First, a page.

Put and take was a game that first became known during the First World War (1914-18).
The full history of the game is unclear but It is thought to have been invented by a soldier in the trenches.
The original game was made from a brass bullet that the soldier shaped into a spinning top with six sides.
Each side had an instruction on that was either Put one, Put two, Put all, Take one ,Take Two, or Take all.
The top was spun by players, who each put an ante in the pot (said to be a cigarette), and depending on how the top fell
either took or put how many cigarettes indicated.
The game became so popular that during the 1920-30s it was introduced as a gambling Game and was predominantly played
in the North of England in Working mens clubs and pubs. Because the top would last virtually forever, being made of brass,
the production of the game did not last for long and during the next 40 years the playing of the game gradually died out.

Any number of players can play. Each player puts a coin or chip in the pot.
The first player spins the top. If the top come down "Put" side uppermost the player puts into the pot the amount indicated (i.e. Put one two or All).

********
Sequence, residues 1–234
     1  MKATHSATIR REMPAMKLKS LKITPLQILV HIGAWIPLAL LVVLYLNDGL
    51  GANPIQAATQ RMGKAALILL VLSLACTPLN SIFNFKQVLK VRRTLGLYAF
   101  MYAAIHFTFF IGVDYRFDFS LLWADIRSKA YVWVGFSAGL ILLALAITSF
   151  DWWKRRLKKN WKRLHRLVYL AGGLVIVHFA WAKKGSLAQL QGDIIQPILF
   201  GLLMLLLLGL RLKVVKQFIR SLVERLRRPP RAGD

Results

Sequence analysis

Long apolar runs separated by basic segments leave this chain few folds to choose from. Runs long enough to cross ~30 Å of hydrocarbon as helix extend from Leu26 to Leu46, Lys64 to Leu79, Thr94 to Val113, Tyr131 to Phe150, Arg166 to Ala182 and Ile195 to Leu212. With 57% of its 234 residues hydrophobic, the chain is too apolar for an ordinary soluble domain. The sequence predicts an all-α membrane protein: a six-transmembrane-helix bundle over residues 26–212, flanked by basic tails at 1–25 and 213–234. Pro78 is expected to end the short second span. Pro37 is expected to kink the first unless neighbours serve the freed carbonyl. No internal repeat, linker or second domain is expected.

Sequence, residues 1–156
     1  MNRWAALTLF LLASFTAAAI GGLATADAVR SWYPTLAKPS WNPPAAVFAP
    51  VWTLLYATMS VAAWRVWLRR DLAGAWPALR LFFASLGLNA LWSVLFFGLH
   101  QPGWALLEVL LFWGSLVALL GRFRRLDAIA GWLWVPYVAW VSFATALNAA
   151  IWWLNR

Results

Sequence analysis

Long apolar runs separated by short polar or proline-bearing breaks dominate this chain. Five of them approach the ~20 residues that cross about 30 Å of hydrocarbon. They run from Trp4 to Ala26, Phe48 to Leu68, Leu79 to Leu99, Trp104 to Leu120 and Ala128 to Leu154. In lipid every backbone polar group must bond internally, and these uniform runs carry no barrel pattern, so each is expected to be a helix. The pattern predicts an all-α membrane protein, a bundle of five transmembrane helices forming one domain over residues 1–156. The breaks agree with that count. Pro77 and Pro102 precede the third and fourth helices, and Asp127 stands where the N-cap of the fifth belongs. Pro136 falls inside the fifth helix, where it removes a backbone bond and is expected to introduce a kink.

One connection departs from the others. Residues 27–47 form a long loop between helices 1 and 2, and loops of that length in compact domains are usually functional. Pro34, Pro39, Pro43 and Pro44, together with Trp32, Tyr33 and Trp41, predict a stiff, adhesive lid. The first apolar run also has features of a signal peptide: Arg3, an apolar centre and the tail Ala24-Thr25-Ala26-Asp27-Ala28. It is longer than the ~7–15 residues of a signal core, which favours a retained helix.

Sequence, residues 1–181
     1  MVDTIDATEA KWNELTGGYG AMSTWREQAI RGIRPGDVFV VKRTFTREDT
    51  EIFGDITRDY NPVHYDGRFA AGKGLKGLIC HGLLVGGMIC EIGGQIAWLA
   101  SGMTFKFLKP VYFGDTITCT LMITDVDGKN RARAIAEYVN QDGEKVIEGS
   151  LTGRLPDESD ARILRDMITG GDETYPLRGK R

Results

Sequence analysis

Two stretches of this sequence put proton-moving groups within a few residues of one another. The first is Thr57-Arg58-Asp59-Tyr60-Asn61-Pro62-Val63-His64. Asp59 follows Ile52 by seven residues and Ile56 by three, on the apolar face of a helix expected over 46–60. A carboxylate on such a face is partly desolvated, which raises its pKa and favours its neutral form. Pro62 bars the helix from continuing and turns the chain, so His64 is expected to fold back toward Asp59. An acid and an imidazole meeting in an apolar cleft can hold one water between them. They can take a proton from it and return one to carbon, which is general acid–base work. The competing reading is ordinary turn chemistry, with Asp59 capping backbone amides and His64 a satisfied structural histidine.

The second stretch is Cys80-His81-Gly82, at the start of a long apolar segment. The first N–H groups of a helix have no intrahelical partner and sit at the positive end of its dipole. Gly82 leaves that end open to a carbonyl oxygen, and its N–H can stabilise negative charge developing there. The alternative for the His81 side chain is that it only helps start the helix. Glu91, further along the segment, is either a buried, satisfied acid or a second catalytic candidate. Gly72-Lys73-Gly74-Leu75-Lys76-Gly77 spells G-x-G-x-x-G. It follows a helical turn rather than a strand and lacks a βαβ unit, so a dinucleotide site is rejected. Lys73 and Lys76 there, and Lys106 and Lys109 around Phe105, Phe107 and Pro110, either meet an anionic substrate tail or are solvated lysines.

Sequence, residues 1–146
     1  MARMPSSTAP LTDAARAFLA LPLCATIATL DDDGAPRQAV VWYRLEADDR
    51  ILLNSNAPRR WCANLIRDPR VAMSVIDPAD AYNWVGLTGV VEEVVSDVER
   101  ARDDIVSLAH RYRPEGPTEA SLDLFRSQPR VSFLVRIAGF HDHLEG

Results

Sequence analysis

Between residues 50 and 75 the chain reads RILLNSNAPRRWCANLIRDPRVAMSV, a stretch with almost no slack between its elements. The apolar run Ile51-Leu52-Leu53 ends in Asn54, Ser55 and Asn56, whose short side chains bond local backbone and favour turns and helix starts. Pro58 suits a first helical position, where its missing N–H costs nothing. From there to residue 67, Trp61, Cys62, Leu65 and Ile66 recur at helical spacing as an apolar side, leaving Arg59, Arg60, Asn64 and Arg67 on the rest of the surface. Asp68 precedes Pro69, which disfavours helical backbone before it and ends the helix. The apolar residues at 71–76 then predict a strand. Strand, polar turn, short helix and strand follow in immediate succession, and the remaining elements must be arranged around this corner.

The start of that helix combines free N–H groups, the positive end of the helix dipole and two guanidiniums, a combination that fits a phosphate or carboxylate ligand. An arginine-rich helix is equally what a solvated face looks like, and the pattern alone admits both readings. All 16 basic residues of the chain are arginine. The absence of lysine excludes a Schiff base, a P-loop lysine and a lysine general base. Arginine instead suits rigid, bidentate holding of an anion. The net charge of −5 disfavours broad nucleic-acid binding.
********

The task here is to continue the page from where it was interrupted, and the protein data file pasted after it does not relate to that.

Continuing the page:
For "Put All" the player doubles the amount in the pot. If the spinner lands with "Take" side uppermost the player takes the amount indicated from the pot.
For Take All the player takes the whole pot.
The next player spins and the game goes on until somebody spins "Take All" and the game is re-started with a new Ante.

A wonderful (probably oriental) bone put&take spinner.

Nice brass 'put-and-take' tops (English, German, and French) from around 1920.

Tow modern (year 2000) brass 'put-and-take' tops (8-sided and 10-sided).

A wooden french and probably american put-and-take gambling top.

A plastic Greec, 2 Mexican, and 3 German put and take tops.

Three uncommon 'put and take' spinners from Portugal (left), Spain (centre), and Turkey (right).

2 large plastic tops, a very nice bakelite one, and 2 plastic spinners.

You can also admire some wonderful Put&Take spinners on the site of the gambling item collector R. Eisenstadt